Wednesday, 14 October 2020

Preparing to bind the chapbook

By request, my husband (artist James Hayes) made me a beautiful (all-powerful, almighty, awesome) awl for my birthday this year. He even made a holder for it to protect the sharp point -


and to protect me from the sharp point! I used to have an awl but it went AWOL some years ago, and last year when I did a lot of bookbinding I resolved to get another because I was fed up using pushpins! With the founding of Precariat Press in the spring of this year, I knew I'd be doing more bookbinding, so getting a new awl was mandatory. So when this gorgeous tool was made specially for me, I swooned!

Once I had decided on the concept, design, cover image & printing, the poems to be included and the layout (all of which I discussed here, here and here) the final step was to collate and bind. Collating all the pages together into booklets also required a lot of folding with my trusty bone folder.


I had a second mock-up book (from which I made corrections) and I measured out where the 3 binding holes would be placed and, after punching these holes used the individual pages as templates for the final books. I had decided early on that I would be doing a traditional 3-hole chapbook bind.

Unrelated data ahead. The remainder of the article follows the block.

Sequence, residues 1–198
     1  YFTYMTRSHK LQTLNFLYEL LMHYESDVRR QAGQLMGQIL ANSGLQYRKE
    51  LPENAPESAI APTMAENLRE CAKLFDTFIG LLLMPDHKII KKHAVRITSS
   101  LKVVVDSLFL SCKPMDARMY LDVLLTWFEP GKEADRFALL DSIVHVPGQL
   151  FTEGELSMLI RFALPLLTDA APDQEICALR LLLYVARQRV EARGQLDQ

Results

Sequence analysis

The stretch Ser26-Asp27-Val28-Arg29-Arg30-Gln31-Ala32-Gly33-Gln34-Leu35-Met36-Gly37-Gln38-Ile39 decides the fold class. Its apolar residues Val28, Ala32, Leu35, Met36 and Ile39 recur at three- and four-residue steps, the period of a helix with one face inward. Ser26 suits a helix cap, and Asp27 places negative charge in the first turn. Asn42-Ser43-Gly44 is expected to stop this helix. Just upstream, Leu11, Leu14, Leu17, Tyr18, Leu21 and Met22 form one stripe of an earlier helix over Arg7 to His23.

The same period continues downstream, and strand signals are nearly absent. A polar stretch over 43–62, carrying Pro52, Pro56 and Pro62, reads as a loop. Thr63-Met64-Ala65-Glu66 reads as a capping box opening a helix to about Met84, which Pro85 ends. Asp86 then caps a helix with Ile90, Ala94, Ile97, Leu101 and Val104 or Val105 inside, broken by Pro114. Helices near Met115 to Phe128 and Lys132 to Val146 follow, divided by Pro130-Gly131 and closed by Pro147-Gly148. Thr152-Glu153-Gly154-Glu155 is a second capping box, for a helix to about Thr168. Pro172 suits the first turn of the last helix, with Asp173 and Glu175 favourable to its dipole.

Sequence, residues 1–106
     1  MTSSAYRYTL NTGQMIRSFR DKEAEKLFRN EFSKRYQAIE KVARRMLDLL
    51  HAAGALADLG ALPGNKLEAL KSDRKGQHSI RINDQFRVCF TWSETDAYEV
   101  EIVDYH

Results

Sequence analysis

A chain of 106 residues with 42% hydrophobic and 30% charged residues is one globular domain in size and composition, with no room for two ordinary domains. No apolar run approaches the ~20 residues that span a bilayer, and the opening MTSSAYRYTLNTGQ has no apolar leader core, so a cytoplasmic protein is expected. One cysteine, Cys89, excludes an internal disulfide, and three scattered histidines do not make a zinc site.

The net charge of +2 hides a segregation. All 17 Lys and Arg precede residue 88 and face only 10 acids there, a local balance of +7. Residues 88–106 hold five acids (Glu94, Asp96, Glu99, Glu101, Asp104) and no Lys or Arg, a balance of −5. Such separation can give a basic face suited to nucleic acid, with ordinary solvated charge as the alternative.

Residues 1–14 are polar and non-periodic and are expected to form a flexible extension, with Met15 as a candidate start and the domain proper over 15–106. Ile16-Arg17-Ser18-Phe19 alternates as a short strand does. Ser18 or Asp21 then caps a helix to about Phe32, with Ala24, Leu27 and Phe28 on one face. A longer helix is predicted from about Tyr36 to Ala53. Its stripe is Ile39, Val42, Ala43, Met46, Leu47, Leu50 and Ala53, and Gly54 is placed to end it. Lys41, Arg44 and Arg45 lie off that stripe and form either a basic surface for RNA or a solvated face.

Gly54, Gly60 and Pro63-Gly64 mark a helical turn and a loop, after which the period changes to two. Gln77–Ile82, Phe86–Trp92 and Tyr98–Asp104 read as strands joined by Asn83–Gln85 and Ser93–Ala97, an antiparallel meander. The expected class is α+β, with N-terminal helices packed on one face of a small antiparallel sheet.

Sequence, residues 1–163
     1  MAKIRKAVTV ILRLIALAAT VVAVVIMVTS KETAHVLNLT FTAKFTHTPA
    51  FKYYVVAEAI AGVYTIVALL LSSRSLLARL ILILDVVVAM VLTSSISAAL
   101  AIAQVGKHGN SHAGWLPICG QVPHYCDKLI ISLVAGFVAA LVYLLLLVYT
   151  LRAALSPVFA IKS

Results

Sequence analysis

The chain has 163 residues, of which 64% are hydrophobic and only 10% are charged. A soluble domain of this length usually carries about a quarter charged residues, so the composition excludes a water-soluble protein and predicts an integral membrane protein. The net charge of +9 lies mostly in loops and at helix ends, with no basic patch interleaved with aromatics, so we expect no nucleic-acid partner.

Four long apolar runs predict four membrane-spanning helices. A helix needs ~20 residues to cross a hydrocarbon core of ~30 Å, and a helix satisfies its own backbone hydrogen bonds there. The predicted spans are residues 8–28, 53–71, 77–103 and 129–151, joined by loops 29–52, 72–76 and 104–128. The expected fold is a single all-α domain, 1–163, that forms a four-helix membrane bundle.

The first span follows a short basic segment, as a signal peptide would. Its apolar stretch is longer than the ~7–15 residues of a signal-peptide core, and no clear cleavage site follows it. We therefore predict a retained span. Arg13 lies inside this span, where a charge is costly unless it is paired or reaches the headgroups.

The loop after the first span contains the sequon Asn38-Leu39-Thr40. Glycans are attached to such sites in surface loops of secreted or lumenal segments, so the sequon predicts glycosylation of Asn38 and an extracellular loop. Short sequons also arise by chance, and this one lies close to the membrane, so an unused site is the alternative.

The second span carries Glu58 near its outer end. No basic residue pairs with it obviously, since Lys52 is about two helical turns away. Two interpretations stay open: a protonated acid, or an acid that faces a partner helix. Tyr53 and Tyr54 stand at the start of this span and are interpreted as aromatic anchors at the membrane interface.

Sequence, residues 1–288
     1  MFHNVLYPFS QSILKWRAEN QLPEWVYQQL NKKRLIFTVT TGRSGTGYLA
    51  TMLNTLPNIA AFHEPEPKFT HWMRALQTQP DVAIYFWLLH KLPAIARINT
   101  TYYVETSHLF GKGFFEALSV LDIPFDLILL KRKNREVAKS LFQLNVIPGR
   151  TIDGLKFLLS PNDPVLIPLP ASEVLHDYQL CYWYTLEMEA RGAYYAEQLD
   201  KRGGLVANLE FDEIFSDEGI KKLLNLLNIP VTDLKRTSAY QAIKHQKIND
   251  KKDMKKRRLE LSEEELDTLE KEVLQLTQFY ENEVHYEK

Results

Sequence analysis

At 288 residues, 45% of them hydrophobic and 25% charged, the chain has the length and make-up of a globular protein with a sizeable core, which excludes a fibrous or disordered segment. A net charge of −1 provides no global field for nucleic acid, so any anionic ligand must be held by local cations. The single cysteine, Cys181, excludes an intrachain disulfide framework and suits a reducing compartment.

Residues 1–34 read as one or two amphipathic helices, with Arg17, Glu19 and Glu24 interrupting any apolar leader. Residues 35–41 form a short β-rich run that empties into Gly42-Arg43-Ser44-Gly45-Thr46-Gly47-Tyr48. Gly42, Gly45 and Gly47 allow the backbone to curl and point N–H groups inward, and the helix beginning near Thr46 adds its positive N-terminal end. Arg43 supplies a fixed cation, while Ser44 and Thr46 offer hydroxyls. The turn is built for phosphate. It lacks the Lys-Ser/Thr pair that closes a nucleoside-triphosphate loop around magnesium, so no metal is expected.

Once binding holes had been punched in all the chapbooks (it is an edition of 50), I was ready to start binding. I had picked up 6-strand cotton thread in a colour to match the cover some weeks ago. In next week's blog I will discuss the journey of the thread to bind the chapbooks.

Wednesday, 7 October 2020

Signal studio residency 2020

I started my third studio residency at Signal Arts Centre last week and already I feel very much at home in the space, despite arriving masked and chatting to people with coronavirus protocols in place. I had residencies in the studio in both the fall of 2018 and the fall of 2019, so being here is becoming a pleasant annual habit. I blogged about the work done (or started) in both those residencies here and here, and as with those residencies I decided beforehand what my focus would be during my time in this studio. But first things first: after a simple tidy and sweep, I rearranged and covered tables to correspond with how I intended to work. I saw that one of the previous tenants had put the long mirror horizontally behind one of the sink areas (there are two) and I thought this would be a convenient spot for my daily self-portrait, a work warm-up for me. Since I don't actually need two sinks, I simply covered this sink with a wooden board to create another surface area.